For many years if you wanted your Iowa Permit to Carry Weapons you pretty much shot a bulls-eye style match shooting at 50' on a bulls-eye target (NRA B3) with a score of 65 (up to 85 pending on where you went). This was to obtain your permit to carry weapons on your person, to be used for defensive purposes...that never sat right with me. Most students who didn't know what they were walking into would come to class bringing the gun they intended to carry with them. Students bringing a pocket auto or j-frame revolver had very little chance of passing the course of fire with their carry guns and after flushing I don't know how many hours and dollars worth of rounds, they would then be handed a .22LR target gun to complete the course of fire. And the passed.
But what did that really accomplish?
Not much if you ask me. A lot of these people were/are new to shooting in general and now their confidence level in their would-be carry gun is shattered because they couldn't shoot a bulls-eye course of fire with the thing even shooting two handed.
Thankfully that era is behind us as the shall issue law (SF2379 enacted 1-1-11) now allows applicants to attend a variety of training to meet the requirements of chapter 724.
I've had two opportunities over the last two weekends to work with both long time permit holders and new permit holders and expose them to more defensive oriented shooting. Some permit holders that have been carrying for years had never drawn and fired at a target from their holster. Some have never reloaded under pressure and some have never even made any attempt prior to practice these things even in a "dry" environment.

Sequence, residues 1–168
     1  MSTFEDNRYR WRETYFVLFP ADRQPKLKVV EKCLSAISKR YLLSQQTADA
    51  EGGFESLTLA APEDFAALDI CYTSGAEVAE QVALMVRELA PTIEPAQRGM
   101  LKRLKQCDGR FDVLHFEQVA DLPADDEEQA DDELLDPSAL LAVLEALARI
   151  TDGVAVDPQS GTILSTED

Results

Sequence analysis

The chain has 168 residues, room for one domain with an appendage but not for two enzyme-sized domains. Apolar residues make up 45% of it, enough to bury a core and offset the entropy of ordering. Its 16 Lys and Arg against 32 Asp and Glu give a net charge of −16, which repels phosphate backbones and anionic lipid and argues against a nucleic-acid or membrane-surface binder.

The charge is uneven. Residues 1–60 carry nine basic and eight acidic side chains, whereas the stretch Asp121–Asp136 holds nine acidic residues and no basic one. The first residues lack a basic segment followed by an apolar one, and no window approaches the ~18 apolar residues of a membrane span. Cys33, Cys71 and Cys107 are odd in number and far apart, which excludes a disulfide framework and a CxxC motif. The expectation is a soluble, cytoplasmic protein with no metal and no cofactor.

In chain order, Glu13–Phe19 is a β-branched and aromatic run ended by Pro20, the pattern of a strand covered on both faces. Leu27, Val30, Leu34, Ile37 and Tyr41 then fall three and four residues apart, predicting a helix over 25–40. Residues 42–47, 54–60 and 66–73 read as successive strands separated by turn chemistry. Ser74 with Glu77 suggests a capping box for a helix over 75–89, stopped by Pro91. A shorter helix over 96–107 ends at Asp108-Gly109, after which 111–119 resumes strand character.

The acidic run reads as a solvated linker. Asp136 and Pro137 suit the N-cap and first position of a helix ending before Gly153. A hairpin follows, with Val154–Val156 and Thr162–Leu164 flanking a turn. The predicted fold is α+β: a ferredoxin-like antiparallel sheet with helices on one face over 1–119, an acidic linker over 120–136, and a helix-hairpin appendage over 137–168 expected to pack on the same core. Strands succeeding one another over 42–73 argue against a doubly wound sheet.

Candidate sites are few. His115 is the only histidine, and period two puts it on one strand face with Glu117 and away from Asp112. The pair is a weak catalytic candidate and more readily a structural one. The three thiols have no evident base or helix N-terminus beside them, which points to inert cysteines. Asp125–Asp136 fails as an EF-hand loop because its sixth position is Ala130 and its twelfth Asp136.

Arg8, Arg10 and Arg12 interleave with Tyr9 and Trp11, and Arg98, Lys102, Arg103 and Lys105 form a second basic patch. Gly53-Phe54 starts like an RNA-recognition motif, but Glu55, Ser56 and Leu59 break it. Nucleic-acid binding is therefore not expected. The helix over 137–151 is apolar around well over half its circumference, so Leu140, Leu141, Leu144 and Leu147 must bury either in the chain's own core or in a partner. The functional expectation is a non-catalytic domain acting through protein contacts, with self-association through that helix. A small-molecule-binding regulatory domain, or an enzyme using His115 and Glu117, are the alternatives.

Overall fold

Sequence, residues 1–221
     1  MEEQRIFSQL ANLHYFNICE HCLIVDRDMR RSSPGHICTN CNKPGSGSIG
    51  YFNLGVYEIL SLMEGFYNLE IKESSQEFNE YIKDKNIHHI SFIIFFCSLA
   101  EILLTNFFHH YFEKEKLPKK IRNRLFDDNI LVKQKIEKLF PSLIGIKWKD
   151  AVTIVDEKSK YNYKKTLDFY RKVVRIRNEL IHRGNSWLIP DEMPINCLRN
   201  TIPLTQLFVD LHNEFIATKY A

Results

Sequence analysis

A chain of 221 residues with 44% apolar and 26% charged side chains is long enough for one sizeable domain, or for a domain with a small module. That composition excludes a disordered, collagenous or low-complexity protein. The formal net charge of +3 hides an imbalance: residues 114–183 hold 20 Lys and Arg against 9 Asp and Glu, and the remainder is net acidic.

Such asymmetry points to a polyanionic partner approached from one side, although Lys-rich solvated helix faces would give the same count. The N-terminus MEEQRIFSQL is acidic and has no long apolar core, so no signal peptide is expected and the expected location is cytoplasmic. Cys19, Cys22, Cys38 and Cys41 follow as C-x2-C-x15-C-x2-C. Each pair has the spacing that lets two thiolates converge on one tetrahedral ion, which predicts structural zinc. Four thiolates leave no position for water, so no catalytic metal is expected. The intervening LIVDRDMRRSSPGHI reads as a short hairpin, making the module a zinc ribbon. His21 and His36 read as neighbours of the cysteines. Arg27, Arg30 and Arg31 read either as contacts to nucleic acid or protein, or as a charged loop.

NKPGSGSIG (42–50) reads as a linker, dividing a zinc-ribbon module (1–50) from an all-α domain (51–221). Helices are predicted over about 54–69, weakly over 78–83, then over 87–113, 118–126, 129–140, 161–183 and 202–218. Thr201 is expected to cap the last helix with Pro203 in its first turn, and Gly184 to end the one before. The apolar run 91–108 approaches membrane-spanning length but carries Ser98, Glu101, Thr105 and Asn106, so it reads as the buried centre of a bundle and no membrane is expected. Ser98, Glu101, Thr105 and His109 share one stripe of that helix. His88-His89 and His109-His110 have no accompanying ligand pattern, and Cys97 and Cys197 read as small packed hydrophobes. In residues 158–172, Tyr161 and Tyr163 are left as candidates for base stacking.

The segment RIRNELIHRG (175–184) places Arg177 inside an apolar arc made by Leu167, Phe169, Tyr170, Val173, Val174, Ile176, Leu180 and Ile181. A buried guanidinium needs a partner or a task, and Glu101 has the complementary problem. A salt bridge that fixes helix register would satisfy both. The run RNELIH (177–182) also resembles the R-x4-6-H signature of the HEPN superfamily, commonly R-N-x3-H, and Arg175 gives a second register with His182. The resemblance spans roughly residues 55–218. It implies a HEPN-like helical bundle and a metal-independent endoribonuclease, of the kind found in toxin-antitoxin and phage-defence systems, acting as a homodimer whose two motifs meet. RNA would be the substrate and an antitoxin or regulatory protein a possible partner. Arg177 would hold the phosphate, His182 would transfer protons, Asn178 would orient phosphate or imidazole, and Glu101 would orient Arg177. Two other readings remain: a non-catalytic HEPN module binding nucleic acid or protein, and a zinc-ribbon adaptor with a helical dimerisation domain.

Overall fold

But things are starting to change. In our last Iowa Defensive Pistol Class students were forced to work from the holster and belt. Today I had an informal shooting session with two previous students from one of our NRA Basic Pistol Classes and we spent a lot of time on working from the holster.
The student doing most of the shooting was a little overwhelmed as this was all new and had never been done before. The gun that he was familiar with didn't work quite the same as when simply loading and manipulating from a bench or under more casual circumstances. The levers and buttons that seemed to be OK now seemed a little small and hard to actuate while on the draw, but I have to give him credit, by the end of the day he was getting it down pretty good from cue to first shot while working from the holster. His weapon handling seems more confident and I'm sure he has more faith in his abilities.
Working from the holster and belt for reloads is a lot different than lolly gagging on the pistol bench. It's a whole new world and one that needs to be explored by those looking to carry arms on their person for defense. In a life or death incident you're movements will have to be sure, fast, and well executed in order to get your shots off and if you've never drawn and fired from a holster before you could be hindering your chances of coming out on top.